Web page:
A Geriatric Care Manager: When To Hire One

A geriatric care manager provides specialized services for seniors and their families during the search for senior housing and senior care services.

Part social worker, part advocate and part educator, a certified geriatric care manager examines a senior’s situation holistically, considering important factors such as:

  • Mental health
  • Physical health
  • Financial resources
  • Personal preferences

Using this information as a starting point, the geriatric care manager acts as a knowledgeable and experienced guide, helping to identify a senior’s needs and determine the appropriate type, level and source of housing and care to help meet those needs.

How a Geriatric Care Manager Can Help

There are many benefits to working with a geriatric care manager. Here are some of the most common ways they can help:

  • Conduct a thorough assessment to identify the senior’s needs and preferences
  • Educate the senior and family about the various healthcare and housing options
  • Draft a care plan tailored to the senior’s needs and preferences, adapting it as necessary
  • Coordinate care services, including screening, hiring and monitoring caregiving services
  • Work with, and provide referrals to, other long-term care professionals, such as an elder law attorney, home care agency or geriatrician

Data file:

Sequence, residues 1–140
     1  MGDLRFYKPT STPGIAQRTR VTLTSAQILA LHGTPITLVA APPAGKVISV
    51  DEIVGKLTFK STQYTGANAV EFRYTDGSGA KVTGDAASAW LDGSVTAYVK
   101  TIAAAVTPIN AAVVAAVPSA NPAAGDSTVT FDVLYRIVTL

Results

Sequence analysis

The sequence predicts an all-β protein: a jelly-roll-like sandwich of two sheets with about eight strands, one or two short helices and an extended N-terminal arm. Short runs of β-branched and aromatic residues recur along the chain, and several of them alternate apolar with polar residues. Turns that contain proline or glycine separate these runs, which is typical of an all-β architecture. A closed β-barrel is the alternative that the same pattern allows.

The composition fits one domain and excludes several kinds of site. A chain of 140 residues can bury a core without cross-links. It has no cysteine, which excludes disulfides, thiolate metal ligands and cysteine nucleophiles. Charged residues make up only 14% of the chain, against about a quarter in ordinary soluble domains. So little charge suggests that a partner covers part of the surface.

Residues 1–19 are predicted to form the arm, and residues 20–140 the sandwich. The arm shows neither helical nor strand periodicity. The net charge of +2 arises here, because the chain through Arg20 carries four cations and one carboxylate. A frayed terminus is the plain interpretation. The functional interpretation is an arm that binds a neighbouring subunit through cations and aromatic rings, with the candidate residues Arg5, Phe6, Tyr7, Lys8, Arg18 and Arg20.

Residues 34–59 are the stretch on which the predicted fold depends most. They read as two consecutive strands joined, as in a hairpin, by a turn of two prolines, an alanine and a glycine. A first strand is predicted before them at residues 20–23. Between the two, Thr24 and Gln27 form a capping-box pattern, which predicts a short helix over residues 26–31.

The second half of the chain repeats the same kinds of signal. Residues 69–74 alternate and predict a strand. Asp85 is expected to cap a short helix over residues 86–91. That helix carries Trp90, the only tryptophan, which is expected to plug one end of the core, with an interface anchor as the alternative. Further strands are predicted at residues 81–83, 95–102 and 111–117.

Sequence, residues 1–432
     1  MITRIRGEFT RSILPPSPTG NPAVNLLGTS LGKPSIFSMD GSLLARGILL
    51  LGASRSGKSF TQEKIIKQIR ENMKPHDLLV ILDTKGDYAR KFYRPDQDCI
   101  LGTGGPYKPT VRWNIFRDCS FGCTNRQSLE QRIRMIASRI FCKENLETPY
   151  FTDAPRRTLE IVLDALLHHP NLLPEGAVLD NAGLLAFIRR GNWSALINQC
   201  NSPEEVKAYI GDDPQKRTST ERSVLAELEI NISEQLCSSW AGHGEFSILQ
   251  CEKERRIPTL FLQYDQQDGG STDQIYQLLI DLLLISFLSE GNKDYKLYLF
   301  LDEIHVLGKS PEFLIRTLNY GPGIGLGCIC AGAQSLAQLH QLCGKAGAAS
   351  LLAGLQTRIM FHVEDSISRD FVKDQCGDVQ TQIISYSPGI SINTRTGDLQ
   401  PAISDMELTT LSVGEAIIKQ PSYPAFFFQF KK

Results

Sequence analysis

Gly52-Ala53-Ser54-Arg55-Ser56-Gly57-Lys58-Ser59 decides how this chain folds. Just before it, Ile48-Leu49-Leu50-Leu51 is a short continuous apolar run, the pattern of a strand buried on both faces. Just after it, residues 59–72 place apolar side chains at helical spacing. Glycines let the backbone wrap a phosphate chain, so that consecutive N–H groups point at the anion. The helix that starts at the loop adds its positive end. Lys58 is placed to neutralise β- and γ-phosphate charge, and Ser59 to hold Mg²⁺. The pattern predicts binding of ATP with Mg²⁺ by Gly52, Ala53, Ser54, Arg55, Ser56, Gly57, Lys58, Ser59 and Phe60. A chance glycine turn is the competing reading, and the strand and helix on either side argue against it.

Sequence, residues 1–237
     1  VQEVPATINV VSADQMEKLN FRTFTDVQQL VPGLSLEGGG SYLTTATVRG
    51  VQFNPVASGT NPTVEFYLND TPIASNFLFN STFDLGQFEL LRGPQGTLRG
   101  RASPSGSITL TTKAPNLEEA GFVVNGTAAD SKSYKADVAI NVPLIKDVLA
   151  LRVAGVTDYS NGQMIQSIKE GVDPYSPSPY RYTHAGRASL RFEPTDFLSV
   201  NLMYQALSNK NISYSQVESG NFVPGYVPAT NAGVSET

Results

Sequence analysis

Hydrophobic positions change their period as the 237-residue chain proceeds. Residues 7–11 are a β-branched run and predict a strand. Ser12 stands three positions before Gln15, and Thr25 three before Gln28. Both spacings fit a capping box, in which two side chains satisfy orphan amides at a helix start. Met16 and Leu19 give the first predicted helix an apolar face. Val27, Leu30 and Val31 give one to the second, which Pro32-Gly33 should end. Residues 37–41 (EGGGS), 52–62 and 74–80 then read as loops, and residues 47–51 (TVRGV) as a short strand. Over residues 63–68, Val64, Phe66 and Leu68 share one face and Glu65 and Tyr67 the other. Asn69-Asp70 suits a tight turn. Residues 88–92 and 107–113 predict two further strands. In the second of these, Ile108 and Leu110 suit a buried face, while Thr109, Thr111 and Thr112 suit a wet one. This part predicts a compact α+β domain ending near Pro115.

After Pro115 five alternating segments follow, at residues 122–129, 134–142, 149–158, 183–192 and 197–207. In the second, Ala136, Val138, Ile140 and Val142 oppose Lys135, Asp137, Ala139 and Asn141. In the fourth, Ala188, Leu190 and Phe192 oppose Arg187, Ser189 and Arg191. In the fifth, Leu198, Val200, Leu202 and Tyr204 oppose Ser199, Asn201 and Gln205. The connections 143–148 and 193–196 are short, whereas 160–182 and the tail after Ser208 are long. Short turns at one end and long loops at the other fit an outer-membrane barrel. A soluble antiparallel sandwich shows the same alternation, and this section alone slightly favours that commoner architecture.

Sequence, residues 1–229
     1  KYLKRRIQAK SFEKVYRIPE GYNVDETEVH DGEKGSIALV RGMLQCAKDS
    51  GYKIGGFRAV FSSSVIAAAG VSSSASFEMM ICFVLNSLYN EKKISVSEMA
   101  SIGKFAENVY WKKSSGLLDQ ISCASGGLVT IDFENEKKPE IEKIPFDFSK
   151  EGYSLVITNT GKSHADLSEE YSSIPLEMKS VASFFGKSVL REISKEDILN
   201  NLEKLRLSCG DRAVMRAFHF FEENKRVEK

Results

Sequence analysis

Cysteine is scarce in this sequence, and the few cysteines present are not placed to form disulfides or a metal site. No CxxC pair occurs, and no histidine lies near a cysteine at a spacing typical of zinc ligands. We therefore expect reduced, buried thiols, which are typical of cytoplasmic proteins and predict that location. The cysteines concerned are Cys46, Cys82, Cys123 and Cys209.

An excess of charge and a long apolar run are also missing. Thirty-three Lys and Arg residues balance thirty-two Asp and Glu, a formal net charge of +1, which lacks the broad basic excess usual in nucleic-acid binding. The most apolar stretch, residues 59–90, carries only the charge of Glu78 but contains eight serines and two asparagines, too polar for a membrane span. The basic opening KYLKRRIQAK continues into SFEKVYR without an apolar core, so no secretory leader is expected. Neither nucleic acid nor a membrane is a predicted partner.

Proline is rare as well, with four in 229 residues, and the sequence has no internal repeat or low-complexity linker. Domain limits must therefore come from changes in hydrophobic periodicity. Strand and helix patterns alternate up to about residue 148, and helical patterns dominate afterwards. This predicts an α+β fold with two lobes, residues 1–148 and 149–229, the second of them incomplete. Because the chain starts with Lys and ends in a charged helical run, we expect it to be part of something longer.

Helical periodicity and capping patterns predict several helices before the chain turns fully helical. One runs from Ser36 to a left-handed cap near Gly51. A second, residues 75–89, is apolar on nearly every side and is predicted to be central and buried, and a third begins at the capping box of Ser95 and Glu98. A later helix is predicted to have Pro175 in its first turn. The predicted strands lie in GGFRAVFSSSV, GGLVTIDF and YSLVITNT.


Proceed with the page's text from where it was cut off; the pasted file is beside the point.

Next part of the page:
• Liaise with families who live at a distance from the senior to ensure the senior’s needs are being met and update the family on any changes in the senior’s status
  • Manage or coordinate a move to senior housing
  • Act as an advocate for the senior and family

When To Hire a Geriatric Care Manager

You can engage geriatric care manager at any point. Many families hire a care manager when the senior reaches a point of transition. A few common scenarios include:

  • Hiring a home care worker to help the senior at home
  • Moving from the family home to assisted living
  • Moving between different levels of senior housing, such as assisted living to a nursing home
  • During a hospital stay to prepare for the patient’s discharge

Here are a few other common scenarios when engaging a geriatric care manager can help:

  • When the senior experiences a significant loss of function, either mentally or physically, and requires help
  • When the senior is no longer able to function well or is at risk in the current living situation
  • When a caregiver becomes necessary or when the situation requires a higher level of caregiving
  • When the family is unsure of what action to take regarding the senior’s health needs or living arrangement

Where To Find a Geriatric Care Manager

Many geriatric care managers work in private practice, but some work for community agencies or geriatric care management groups. If you are interested in learning more about geriatric care management, start with the National Association of Professional Geriatric Care Managers, where you can locate local care managers and learn more about the professional standards that are required of them. You can also ask your doctor or hospital discharge planner for personal recommendations.

Written by senior care writer Nikki Jong.

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